FOXBOROUGH, Mass. — Quick-hit thoughts and notes around the New England Patriots and NFL:
1. O’Brien impact: Quarterback AJ McCarron played for new Patriots offensive coordinator Bill O’Brien with the Houston Texans in 2019 and 2020, and so he has a good feel for what Mac Jones is about to experience this year.
He summarized it in what may be the four most significant expressions of the Loyalists’ season: “A quarterback-accommodating offense.”
The 32-year-old McCarron was in the midst of preparing for his XFL debut Sunday — his St. Louis Battlehawks visit the San Antonio Brahmas (3 p.m. ET, ABC) — when he entertained questions on what O’Brien’s presence might mean for Jones.
McCarron sees promising conceivable outcomes to a limited extent as a result of the satisfaction and self-improvement he encountered in O’Brien’s framework as a reinforcement to Deshaun Watson.
“OB is a wonderful coach; very intelligent, and he gets guys to play hard. I think he’s going to do an excellent job there,” McCarron said.
McCarron’s reference to “a quarterback-friendly offense” relates to something Patriots owner Robert Kraft said in a Fox Business interview in the days leading up to the Super Bowl: “We’re blessed to have a great, young quarterback in Mac Jones. I’m a strong believer in him and his development.”
What Kraft didn’t say, but seems obvious by the team’s actions this offseason, is that coach Bill Belichick’s 2022 plan to streamline the offense, not name an official coordinator, and make significant changes to offensive-line protections was closer to a quarterback-unfriendly offense.
It contributed to stunting Jones’ development in his second NFL season, which Belichick often cites as the year players commonly make their biggest leap. Now, for the 8-9 Patriots to return to the playoffs and position themselves to win their first postseason game since beating the Rams in Super Bowl LIII, they need to provide better infrastructure around him.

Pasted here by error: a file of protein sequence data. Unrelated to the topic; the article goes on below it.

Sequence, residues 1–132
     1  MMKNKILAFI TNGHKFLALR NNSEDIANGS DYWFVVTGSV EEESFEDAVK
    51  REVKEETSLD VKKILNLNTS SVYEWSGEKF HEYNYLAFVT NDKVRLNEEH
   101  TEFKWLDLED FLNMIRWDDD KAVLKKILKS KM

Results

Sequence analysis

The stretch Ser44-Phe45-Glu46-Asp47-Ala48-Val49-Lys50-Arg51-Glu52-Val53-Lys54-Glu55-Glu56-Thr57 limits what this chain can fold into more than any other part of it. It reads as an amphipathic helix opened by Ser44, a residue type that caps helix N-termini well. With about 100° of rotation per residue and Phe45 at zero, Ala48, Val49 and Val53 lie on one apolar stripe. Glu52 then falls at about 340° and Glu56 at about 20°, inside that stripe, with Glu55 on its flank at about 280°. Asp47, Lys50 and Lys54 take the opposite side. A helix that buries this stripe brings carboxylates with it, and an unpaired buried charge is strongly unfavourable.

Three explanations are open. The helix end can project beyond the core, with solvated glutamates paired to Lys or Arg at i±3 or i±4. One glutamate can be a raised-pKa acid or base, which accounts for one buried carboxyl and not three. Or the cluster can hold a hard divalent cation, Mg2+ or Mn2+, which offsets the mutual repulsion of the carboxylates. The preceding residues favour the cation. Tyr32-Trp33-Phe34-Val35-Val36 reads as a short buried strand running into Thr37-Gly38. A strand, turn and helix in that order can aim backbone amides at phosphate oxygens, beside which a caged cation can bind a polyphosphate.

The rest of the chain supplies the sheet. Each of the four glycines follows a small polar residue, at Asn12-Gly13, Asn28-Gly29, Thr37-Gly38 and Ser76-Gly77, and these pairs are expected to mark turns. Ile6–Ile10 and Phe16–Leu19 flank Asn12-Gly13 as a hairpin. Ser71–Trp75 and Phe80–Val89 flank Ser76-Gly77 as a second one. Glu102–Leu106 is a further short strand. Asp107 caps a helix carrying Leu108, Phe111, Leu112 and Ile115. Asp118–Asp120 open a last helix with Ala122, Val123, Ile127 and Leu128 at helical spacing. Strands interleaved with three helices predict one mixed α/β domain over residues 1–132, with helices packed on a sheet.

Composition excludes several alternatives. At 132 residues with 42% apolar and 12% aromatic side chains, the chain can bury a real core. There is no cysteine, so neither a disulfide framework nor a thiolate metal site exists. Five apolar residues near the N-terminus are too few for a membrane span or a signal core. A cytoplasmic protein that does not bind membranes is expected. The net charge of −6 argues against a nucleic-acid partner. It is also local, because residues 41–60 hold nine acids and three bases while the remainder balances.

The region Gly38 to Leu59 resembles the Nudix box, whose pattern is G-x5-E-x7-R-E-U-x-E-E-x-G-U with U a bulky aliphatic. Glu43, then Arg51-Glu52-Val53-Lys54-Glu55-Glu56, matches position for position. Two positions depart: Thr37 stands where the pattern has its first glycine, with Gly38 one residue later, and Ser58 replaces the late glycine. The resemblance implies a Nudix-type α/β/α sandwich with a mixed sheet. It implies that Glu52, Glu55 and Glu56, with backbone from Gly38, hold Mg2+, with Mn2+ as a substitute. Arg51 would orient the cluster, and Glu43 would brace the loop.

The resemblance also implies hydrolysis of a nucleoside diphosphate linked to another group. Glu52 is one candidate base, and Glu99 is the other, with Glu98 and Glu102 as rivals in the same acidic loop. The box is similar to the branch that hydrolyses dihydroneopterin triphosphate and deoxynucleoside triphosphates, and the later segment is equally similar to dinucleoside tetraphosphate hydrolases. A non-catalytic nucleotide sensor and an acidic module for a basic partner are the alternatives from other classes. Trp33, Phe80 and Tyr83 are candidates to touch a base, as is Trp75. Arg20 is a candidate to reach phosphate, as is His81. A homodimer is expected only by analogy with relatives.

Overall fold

McCarron, who like Jones, played in college at Alabama, sees O’Brien as a difference-maker in that regard.
McCarron spent the initial four years (2014-17) of his NFL vocation with the Bengals, who ran a West Coast offense with longer playcalls, the middle making the run-impeding line calls and the quarterback taking care of the pass-insurance calls.
His eyes were opened after signing in 2018 as a free agent with the Buffalo Bills, who, under former Patriots assistant Brian Daboll, ran a “New England-style offense” in which all calls went through the quarterback and one word could mean everything from the formation, protection and playcall.
After being traded to the Raiders later that season, McCarron ultimately landed with O’Brien’s Texans the following two seasons and said: “What helped me grow a ton as a player was going to Houston. … I dove into that offense and, ever since, I’ve wanted to know everything — run-blocking schemes, pass-blocking schemes, it’s the quarterback getting us in the best situation possible.”
In the ideal Patriots world, Jones will have a similar experience this year.
2. Judon on Super Bowl: What stood out to Patriots outside linebacker Matthew Judon about the Chiefs’ 38-35 win over the Eagles in Super Bowl LVII? “The Chiefs’ O-line protected beautifully,” he said on “The Jim Rome Show.”
“They kept [Patrick] Mahomes upright. He had the injured ankle and he really wasn’t touched. He could stand in and deliver the ball, and they also did a great job of getting the ball out of his hands quick and getting it to the playmakers.”
Judon’s point highlights something relevant to the 2023 Patriots.
How the Chiefs built their O-line after losing to the Buccaneers in Super Bowl LV — trading for left tackle Orlando Brown Jr., signing left guard Joe Thuney in free agency, drafting center Creed Humphrey (second round) and right guard Trey Smith (sixth round), and developing right tackle Andrew Wylie (2017 undrafted free agent) — shows that a team weakness can quickly turn to a strength.